Maybe one of these freaks is actually the mild-mannered, middle-aged dad next door. Mike Boylan is something like the OG of Florida storm chasers. In 2004, he launched his website Mike’s Weather Page (spaghettimodels.com) as an act of frustration. “We had (Hurricane) Charley come in, and it was impossible to find graphics,” he says, chatting over Zoom from his home office in Oldsmar, the wall behind him filled with various plaques commemorating his work. Boylan applied his lessons from an HTML class at the University of South Florida to create what was only intended as a reference for himself and some friends. Two decades later and it still looks like something from the Myspace era, crowded with an intense array of weather satellite maps—screenful after screenful of them—that track everything from airport delays to global wind movement and nationwide storm reports. Everything you wanted to know about vertical wind shear but were too afraid to ask. There’s a lot going on, so it’s good that a video recap of “The Daily Brew,” Boylan’s thrice-weekly morning livestream, sits at the top of the page: a cordial welcome for any late arrivals to the hurricane party. 

“It’s my addiction,” Boylan says, “to wake up in the morning and see it all.”

Until about four years ago, though, Boylan had only been a spectator, sitting behind his desk. “Hurricane Laura was heading up towards Louisiana,” he recalls. “I tracked the radar live for five hours … and I was, like, itching. It hit me. I’ve got to be in it. Something just said to go.” A few months later, Boylan flew to Texas, rented a Jeep and went chasing Hurricane Delta. “It was just a rush,” he says, but more significantly the experience gave Boylan some insight he lacked. “The adrenaline of the storm is one thing … But being in a storm and seeing it firsthand, and seeing the effects after the storm, I can really understand things I’m saying that I’d never really understood before.”

Since then, Boylan has become immediately identifiable by his 2018 Chevrolet Silverado. “It’s become a status symbol,” he says. “I’d get another one, but people know it. It’s crazy.” CNN host Erin Burnett prominently featured it in an interview with Boylan during Hurricane Ian, and it’s also appeared on NewsNation and Fox. “It’s like the truck has become me.”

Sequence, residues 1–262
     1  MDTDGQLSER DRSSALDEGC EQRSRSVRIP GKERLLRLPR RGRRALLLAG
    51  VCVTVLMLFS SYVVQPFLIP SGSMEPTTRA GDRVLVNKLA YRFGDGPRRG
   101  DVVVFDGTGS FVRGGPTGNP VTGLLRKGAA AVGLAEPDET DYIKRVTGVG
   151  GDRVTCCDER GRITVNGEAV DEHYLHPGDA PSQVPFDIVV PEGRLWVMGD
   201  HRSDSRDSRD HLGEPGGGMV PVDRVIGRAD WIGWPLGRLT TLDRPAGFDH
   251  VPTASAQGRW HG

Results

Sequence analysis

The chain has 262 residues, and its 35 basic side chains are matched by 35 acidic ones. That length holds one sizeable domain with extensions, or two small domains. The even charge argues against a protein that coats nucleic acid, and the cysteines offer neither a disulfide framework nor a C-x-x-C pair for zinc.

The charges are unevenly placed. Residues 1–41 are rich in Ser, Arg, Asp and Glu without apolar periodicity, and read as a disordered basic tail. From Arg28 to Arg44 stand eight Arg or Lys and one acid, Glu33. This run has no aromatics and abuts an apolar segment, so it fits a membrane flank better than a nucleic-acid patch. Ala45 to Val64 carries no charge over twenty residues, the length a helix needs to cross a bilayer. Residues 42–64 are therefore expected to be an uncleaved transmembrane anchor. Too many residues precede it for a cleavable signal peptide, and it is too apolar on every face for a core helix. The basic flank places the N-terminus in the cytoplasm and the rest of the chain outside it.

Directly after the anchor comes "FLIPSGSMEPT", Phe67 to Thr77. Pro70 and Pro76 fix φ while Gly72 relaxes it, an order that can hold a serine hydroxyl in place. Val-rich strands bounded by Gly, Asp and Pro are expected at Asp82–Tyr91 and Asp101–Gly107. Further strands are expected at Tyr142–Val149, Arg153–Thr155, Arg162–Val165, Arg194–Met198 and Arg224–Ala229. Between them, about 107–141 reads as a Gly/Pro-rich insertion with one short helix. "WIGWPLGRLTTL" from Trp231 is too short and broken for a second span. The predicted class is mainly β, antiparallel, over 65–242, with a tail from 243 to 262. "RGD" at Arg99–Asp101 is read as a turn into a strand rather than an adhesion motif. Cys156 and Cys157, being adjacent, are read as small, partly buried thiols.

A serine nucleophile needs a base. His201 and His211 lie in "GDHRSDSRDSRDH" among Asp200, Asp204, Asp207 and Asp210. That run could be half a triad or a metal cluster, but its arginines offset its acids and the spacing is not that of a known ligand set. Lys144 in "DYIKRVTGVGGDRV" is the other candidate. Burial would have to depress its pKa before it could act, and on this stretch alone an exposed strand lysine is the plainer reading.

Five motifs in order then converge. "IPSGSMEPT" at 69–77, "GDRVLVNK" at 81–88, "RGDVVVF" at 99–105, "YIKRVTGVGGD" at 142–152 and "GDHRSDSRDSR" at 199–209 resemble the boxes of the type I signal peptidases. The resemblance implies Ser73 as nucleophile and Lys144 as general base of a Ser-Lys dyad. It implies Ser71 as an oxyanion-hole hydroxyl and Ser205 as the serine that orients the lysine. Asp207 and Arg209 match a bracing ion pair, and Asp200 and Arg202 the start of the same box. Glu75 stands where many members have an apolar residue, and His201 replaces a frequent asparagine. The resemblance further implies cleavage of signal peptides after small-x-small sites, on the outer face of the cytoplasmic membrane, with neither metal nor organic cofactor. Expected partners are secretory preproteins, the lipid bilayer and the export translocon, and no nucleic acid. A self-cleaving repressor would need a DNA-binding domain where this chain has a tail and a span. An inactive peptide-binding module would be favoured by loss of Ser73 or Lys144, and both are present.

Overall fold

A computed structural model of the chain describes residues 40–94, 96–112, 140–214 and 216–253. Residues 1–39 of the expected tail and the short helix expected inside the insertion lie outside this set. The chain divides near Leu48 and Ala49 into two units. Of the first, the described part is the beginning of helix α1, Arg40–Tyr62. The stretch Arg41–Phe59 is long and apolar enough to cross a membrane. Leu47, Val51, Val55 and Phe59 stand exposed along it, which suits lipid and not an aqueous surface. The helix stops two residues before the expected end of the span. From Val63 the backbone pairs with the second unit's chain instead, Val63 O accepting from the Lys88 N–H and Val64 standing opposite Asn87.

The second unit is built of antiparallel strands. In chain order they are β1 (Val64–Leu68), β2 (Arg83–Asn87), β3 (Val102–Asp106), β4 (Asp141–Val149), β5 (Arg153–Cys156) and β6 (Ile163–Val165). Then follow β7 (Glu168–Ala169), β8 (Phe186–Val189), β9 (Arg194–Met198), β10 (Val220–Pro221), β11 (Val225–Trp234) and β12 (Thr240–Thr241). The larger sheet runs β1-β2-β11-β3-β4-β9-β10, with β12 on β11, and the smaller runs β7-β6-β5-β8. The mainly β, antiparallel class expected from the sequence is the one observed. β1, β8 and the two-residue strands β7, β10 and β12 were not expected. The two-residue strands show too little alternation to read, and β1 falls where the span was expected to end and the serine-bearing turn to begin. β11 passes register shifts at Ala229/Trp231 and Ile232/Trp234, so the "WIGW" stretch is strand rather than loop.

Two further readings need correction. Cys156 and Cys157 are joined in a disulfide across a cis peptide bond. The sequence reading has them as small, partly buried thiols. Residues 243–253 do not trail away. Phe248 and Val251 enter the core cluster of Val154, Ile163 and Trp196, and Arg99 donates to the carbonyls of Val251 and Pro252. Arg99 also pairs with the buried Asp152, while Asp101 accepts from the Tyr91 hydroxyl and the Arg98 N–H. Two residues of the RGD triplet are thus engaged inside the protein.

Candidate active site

The vehicle is an amateur broadcast studio on wheels. Boylan’s equipped it with computers, monitors, webcams, a drone, a 4G/5G wireless setup, signal boosters, endless USB cables, a ham radio, a generator, multiple 5-gallon cans of gasoline, tow straps, chainsaws and “even silly stuff like a blanket and pillow.” Early on, Boylan made the mistake of grabbing his daughter’s cherished taco blanket. “Somebody gave her a blanket with tacos on it,” he explains. “My wife called me, like, ‘She’s mad at you.’ Now I make sure I have a pillow and blanket that she approves.”

Though his celebrity may be modest, it’s enough to inspire a beer dedicated in Boylan’s honor (Tampa-based Big Storm Brewing Co.’s Hurricane Hunter IPA) and even rattle some haters, like the meteorologist who dismissed him as a “drunk donkey.” Boylan turned the epithet into gold, promoting merch branded with the caricature of a googly-eyed, floppy-tongued donkey. “We made that logo and sold a thousand shirts,” he says. “It was nuts.”

Fort Lauderdale local Jeff Gammons became fascinated with storms when Hurricane Gilbert assaulted the Caribbean and Gulf Coast with 185 mph winds. Illustration by Jules Ozaeta.

Down in Okeechobee County, Jeff Gammons also makes his living documenting extreme weather. “I’ve intercepted and filmed probably over three dozen hurricanes in my lifetime,” says the photographer, who specializes in vivid, high-end stills and timelapse images of jagged lightning strikes over the Everglades and cloud patterns surging in biblical upheaval. He posts them for more than 114,000 followers over on his @stormvisuals Instagram account and also sells them commercially. In 1988, when Gammons was a sixth grader growing up in Fort Lauderdale, he became fascinated when Hurricane Gilbert assaulted the Caribbean and Gulf Coast with 185 mph winds. “And then photography just worked its way into it,” says Gammons, who has pursued the work while dealing with lifelong health challenges. He received his second kidney transplant last September (his wife, Sara, was the donor). In perhaps a surprising way, the storms he witnessed helped carry Gammons through his darkest hours. “I did five years of dialysis waiting for my first transplant,” he says. “That’s where the storms come in. I would drive from Okeechobee to West Palm Beach to do my dialysis treatment. When I would come back, I’d have to cut through the Everglades, and that’s where I would stop and just watch the storms, because you were really fatigued and weak after a four-hour treatment.”

Underneath the purple sky and its shockwaves of silvered fire, Gammons could find his center. “When I’m out there, I feel a little bit more put together and just calm.”

A rotating supercell thunderstorm. Photography by Jeff Gammons.

Clickbait Conundrum

The 1996 movie “Twister,” a box-office smash co-written by techno-thriller novelist Michael Crichton (“Jurassic Park” and “The Andromeda Strain”), celebrates the bravado and ingenuity of a team of tornado chasers, led by feuding scientists (and supposedly divorcing mates) played by Bill Paxton and Helen Hunt. The scenario begins with the origin story of the latter’s character, who, as a little girl, screams as she watches her father get snatched into the sky by a virulent whirlwind. Though Morgan Bozarth’s situation wasn’t as nightmarish, she can still relate. She was 13 and visiting her grandparents in Piedmont, Alabama. A tornado came within two miles of their town, she remembers, wiping out everything in its wake. It was part of a generational outbreak of tornadoes across the so-called Dixie Alley, the southeastern tornado belt that includes Alabama. “Before then, I was petrified of storms,” says Bozarth, who experienced what she calls a reckoning. “After surviving that, the only thing I could think about was, ‘How do I understand this?’” She became her high school’s weather nerd, obsessed with storms and those who chase them.